Xinjiang Glacier Reserve Becomes Wildlife Paradise After Conservation Efforts

Years after mining, grazing and tourism were banned in a glacier reserve of northwest China’s Xinjiang Glacier Reserve Uygur Autonomous Region, wild animals have returned to celebrate the improving environment of the reserve.

Xinjiang Glacier Reserve Becomes Wildlife Paradise After Conservation Efforts

About 130 km from the regional capital of Urumqi, Xinjiang Glacier Reserve No. 1 in the Tianshan Mountains at an altitude of 3,850 meters is closer to a city than any other glacier in the world.

A series of snow leopard observation activities around the Xinjiang Glacier Reserve carried out by wildlife protection volunteers since 2015 found that the number of large animals in the area has been increasing visibly.

The number of snow leopards has stabilized at more than 20, said Xing Rui, head of a local volunteer organization for wildlife conservation, adding that bears that had disappeared since the 1990s have reappeared, and the numbers of wild sheep, red deer and wild boar are also increasing rapidly.

Glaciers are known as “solid reservoirs” and play an important role in supplementing and regulating river runoff. An observation station set up in 1959 has found that the glacier has been receding since the 1960s.

Experts warn that Glacier No. 1 will melt completely in 50 years at the current rate of ablation, and residents in the lower reaches of the glacier will face the risk of water shortage.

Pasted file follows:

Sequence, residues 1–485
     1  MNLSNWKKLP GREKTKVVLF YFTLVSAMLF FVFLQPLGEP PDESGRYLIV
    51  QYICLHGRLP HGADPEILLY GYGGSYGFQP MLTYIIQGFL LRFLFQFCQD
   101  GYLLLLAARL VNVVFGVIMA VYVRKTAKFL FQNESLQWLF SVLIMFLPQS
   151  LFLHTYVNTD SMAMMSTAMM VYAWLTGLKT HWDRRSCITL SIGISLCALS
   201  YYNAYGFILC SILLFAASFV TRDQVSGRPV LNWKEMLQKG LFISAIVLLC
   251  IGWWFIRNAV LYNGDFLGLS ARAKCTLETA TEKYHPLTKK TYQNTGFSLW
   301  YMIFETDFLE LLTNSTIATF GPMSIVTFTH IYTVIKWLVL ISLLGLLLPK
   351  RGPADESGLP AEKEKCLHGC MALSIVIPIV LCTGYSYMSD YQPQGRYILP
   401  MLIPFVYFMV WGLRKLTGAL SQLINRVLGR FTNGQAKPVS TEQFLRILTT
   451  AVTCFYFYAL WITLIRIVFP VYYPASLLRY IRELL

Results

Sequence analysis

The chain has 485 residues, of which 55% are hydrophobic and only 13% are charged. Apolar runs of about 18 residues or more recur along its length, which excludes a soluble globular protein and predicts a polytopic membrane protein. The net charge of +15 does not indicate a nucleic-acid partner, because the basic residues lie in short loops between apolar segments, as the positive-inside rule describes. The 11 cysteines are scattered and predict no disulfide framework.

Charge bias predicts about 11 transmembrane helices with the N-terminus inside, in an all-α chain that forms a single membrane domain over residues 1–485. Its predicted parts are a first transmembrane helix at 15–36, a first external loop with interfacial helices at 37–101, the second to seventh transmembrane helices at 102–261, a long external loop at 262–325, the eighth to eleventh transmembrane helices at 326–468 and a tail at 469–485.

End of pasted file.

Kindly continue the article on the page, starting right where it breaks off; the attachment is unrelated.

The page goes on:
To halt the shrinking of the glacier and secure the water supply of Urumqi, the regional government decided to mark out a protected area around the glacier in 2014, minimizing the impact of human activities on the glacier.

In a field covered with wild grass and flowers at the foot of the glacier, a local environmental protection official told Xinhua that the pasturing area used to receive tourists and vehicles every day, and faced serious grass degradation.

In 2016, the local government applied for a national environmental protection project fund of more than 80 million yuan (about 11.4 million U.S. dollars) for ecological restoration.

“Herders who had been grazing here for generations were relocated. Green has been returned to more than 650 hectares of grassland. Tourism activities were prohibited and vehicles were not allowed to pass through,” said Yan Weitao, an official with the local ecology and environmental bureau.

About 20 km from the glacier near a valley, a coal mine was recently backfilled to restore the surface to its original state. Grass seeds were sowed into the freshly filled soil.

Yan said the coal ash and dust pollution was quite serious and the nearby mountains were all gray. “As the mine pit has been permanently closed for ecological restoration, the site will become a grassland very soon.”

The glacier lost 22 percent of its area from 1964 to 2018, according to Zhou Ping, an engineer at the Tianshan Glaciological Station under the Chinese Academy of Sciences.

But in recent years, bans on grazing, tourism, hunting and the exploitation of mineral resources have made contributions to the protection of glaciers, Zhou added. 

Originally published at Xinhua news agency

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